Coldbath Fields Prison
Coldbath Fields Prison, also formerly known as the Middlesex House of Correction and Clerkenwell Gaol and informally known as the Steel, was a prison in the Mount Pleasant area of Clerkenwell, London. Founded during the reign of James I (1603–1625), the prison was completely rebuilt in 1794 and extended in 1850. It was used to house prisoners on short sentences of up to two years. There were separate blocks for felons, misdemeanants and vagrants.
Bird's-eye view of Coldbath Fields.
|Population||1700 (as of 1877)|
|Former name||Middlesex House of Correction|
|Edward Marcus Despard, William Thomas Stead, Owen Suffolk|
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Coldbath Fields Prison (also known as the Middlesex House of Correction) was originally a prison run by local magistrates and where most prisoners served short sentences. Coldbath Fields also served as a debtor's prison. It took its name from Cold Bath Spring, a medicinal spring discovered in 1697. The prison housed men, women and children until 1850, when the women and children moved to Tothill Fields Bridewell in Victoria and Coldbath was restricted to adult male offenders over the age of 17. Despite its aspirations to be a more humanitarian prison (it was designed by John Howard), it became notorious for its strict regime of silence and its use of the treadmill.
During the early 19th century, the prison temporarily housed members of the Cato Street Conspiracy. In March 1877 a fire, which started in the bakehouse, destroyed the treadmill house; no prisoners were hurt but two firemen were injured.
The prison closed in 1885. The site was transferred to the Post Office in 1889 and its buildings were gradually replaced. The last sections were demolished in 1929 for an extension of the Letter Office. Today, the site is occupied by the Mount Pleasant sorting office.
- Edward Despard, Colonel and Superintendent of British Honduras, imprisoned for revolutionary activity, and later executed for his part in the Despard Plot.
- John Gravener Henson, workers’ leader and historian of framework-knitters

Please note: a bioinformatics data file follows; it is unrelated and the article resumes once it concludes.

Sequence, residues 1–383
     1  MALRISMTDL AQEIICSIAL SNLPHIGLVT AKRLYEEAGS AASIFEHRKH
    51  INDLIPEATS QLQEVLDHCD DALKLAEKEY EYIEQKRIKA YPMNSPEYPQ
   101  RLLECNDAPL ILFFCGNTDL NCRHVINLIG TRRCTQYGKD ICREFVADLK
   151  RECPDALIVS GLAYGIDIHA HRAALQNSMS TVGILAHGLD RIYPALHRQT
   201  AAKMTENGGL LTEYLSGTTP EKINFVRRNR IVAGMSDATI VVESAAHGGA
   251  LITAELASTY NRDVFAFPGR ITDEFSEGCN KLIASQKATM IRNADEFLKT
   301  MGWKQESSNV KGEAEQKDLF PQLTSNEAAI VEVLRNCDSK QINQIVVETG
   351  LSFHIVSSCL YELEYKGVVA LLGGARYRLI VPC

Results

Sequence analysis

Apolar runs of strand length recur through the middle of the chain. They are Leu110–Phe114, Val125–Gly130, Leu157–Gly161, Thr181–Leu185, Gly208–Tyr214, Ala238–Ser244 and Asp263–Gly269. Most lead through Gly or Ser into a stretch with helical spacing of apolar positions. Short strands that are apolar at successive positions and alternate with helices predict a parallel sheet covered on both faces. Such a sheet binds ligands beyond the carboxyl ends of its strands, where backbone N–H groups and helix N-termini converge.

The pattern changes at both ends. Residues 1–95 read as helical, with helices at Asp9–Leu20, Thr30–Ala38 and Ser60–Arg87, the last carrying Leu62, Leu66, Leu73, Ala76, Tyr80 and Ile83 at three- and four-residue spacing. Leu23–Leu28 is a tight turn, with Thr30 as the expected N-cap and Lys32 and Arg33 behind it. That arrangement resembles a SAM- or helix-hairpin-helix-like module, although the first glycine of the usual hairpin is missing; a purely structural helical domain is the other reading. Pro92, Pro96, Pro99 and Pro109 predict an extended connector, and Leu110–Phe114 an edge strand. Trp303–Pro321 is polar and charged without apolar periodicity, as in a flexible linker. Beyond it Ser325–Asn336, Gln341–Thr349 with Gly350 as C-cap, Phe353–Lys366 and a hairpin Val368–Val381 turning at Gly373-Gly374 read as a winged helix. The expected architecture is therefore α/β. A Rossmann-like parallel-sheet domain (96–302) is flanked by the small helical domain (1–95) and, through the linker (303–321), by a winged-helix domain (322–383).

- Owen Suffolk, bushranger
- Robert Wedderburn, ultra-radical leader and anti-slavery advocate
As he went through Coldbath-fields, he saw
A solitary cell;
And the devil was pleased, for it gave him a hint
For improving his prisons in hell.
Notes and referencesEdit
- From the French Bastille, via Cockney rhyming slang. Oxford English Dictionary, "Steel, n. 2". Accessed 26 November 2013.
- Philip Collins Dickens and crime Ch.III "The Silent System Coldbath Fields Prison"
- "Early history: Cold Bath Fields Prison". The British Postal Museum & Archive. 2007.
- "CLERKENWELL HOUSE OF CORRECTION", The Penny Illustrated Paper and Illustrated Times, London (816): 204, 31 March 1877 Has some useful background information. The images have not come out brilliantly on the British Library site but can be found in higher quality on pay sites.
- Weinreb, Ben; Hibbert, Christopher (1983). The London Encyclopaedia. London: Macmillan. p. 187. ISBN 0-333-45817-6.
- Parolin, Christina (2010). ‘Bastilles of despotism’: radical resistance in the Coldbath Fields House of Correction, 1798–1830. ANU Press. p. 54. JSTOR j.ctt24hdhz.8.
- Mayhew, Henry; Binny, John (1862), The criminal prisons of London, and scenes of prison life Volume 3 of The great metropolis, Griffin, Bohn & Co, pp. 277–352 Comprehensive account of the prison in 1862
- Thornbury, George Walter; Walford, Edward (1878), "Coldbath Fields and Spa Fields", Old and New London: A Narrative of Its History, Its People, and Its Places, vol. 2, British History Online, retrieved 7 March 2017